Browse Prior Art Database

Merchant Information Exchange With a Handheld Device

IP.com Disclosure Number: IPCOM000016078D
Original Publication Date: 2002-Jul-28
Included in the Prior Art Database: 2003-Jun-21
Document File: 3 page(s) / 53K

Publishing Venue

IBM

Abstract

Often, when shopping in a store, there are items that seem to be impossible to locate. Sometimes you just know they must be there but you cannot seem to find them. Usually when people have this problem, they either seek out a store employee (who often does not know) or just give up and stop looking. Sometimes they may try again at another store with a more familiar layout. There are various ways for the merchant to help shoppers find items, each having a significant drawback. One option is to have paper handouts for shoppers to take with a generic list of items and their respective locations (e.g. bread aisle 10). Arranging to have paper handouts for each shopper is highly inconvenient, and therefore it is rarely used by stores. Also, when any item location changes, all the paper handouts are no longer valid. Furthermore, only so much information can fit on a paper handout and still be manageable. If a merchant wants to include more details about item locations (e.g., Anchovy Paste Aisle 12 middle right side), then the handout becomes too large and difficult to manage for an average shopper. If the merchant leaves off some details and only includes generic categories of items, then the usefulness of the list is dramatically reduced. An alternative approach that has received lukewarm reviews is to have a Kiosk located somewhere in the store. Because it is interactive (i.e. the shopper can use search features), finding item information is significantly enhanced. One of the biggest limitations with Kiosks is that they are not with you when you finally decide you cannot find that item for which you are looking. In fact, even if the store did have a Kiosk, unless the shopper is already familiar with the Kiosk location, they would first have to find the Kiosk before they could begin to find their item. The Kiosk might even be located at the other end of the store from your location, so that to use it, you might have to walk to the other end of the store. In addition, since only one person can be using a Kiosk at a time (and multiple Kiosk stations are expensive), you might have to stand in line to use it.

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Merchant Information Exchange With a Handheld Device

    Often, when shopping in a store, there are items that seem to be impossible to locate. Sometimes you just know they must be there but you cannot seem to find them. Usually when people have this problem, they either seek out a store employee (who often does not know) or just give up and stop looking. Sometimes they may try again at another store with a more familiar layout.

There are various ways for the merchant to help shoppers find items, each having a significant drawback. One option is to have paper handouts for shoppers to take with a generic list of items and their respective locations (e.g. bread - aisle 10). Arranging to have paper handouts for each shopper is highly inconvenient, and therefore it is rarely used by stores. Also, when any item location changes, all the paper handouts are no longer valid.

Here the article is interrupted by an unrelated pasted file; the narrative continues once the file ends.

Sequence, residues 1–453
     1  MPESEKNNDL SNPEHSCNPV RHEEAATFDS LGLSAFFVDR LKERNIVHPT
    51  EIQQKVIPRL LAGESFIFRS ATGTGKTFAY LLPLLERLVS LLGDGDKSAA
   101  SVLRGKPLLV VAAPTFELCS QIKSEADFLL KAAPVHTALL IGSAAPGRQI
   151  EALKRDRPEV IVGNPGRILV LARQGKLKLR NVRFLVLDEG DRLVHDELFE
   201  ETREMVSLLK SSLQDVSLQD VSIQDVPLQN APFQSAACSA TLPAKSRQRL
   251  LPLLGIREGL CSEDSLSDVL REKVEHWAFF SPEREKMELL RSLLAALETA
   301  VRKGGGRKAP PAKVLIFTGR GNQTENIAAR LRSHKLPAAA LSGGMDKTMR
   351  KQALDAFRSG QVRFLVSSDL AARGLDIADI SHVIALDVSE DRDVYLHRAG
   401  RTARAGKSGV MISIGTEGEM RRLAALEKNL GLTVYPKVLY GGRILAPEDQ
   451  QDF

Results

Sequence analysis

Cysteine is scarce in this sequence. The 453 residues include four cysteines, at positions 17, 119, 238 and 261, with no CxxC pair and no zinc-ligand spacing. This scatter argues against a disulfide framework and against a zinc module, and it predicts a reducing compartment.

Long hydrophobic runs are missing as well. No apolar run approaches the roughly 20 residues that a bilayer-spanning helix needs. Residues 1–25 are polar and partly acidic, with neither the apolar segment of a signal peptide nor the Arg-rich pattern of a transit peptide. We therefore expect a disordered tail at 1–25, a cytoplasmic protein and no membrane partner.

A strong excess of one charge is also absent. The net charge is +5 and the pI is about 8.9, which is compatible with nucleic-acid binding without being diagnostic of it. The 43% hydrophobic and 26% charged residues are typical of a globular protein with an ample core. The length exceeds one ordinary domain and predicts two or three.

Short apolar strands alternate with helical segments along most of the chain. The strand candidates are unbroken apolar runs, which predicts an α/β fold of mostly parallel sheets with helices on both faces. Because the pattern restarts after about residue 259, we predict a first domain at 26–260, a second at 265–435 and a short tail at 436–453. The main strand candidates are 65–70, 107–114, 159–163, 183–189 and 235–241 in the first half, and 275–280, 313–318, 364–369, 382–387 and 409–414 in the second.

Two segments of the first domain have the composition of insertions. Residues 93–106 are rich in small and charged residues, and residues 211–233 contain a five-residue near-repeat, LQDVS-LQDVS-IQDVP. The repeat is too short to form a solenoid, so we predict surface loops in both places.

Furthermore, only so much information can fit on a paper handout and still be manageable. If a merchant wants to include more details about item locations (e.g., Anchovy Paste - Aisle 12 - middle - right side), then the handout becomes too large and difficult to manage for an average shopper. If the merchant leaves off some details and only includes generic categories of items, then the usefulness of the list is dramatically reduced.

An alternative approach that has received lukewarm reviews is to have a Kiosk located somewhere in the store. Because it is interactive (i.e. the shopper can use search features), finding item information is significantly enhanced. One of the biggest limitations with Kiosks is that they are not with you when you finally decide you cannot find that item for which you are looking. In fact, even if the store did have a Kiosk, unless the shopper is already familiar with the Kiosk location, they would first have to find the Kiosk before they could begin to find their item. The Kiosk might even be located at the other end of the store from your location, so that to use it, you might have to walk to the other end of the store. In addition, since only one person can be using a Kiosk at a time (and multiple Kiosk stations are expensive), you might have to stand in line to use it.

To solve these problems, the present invention gives each shopper the ability to download store layout and inventory information to a handheld/portable device via infrared (or other wireless) technology. By downloading such information, the shopper will not have problems finding items within the store or learning about item pricing or other store promotions associated with an item.

In one example, a handheld device for this invention could be a Personal Digital Assistant (PDA), but this could also be extended to cellular phones, laptop computers and any other portable wireless device.

Advantages include:

Because the information is now in a computing device, various methods can be used to get information on items. These include searches, scrollable indexes, and drill downs (i....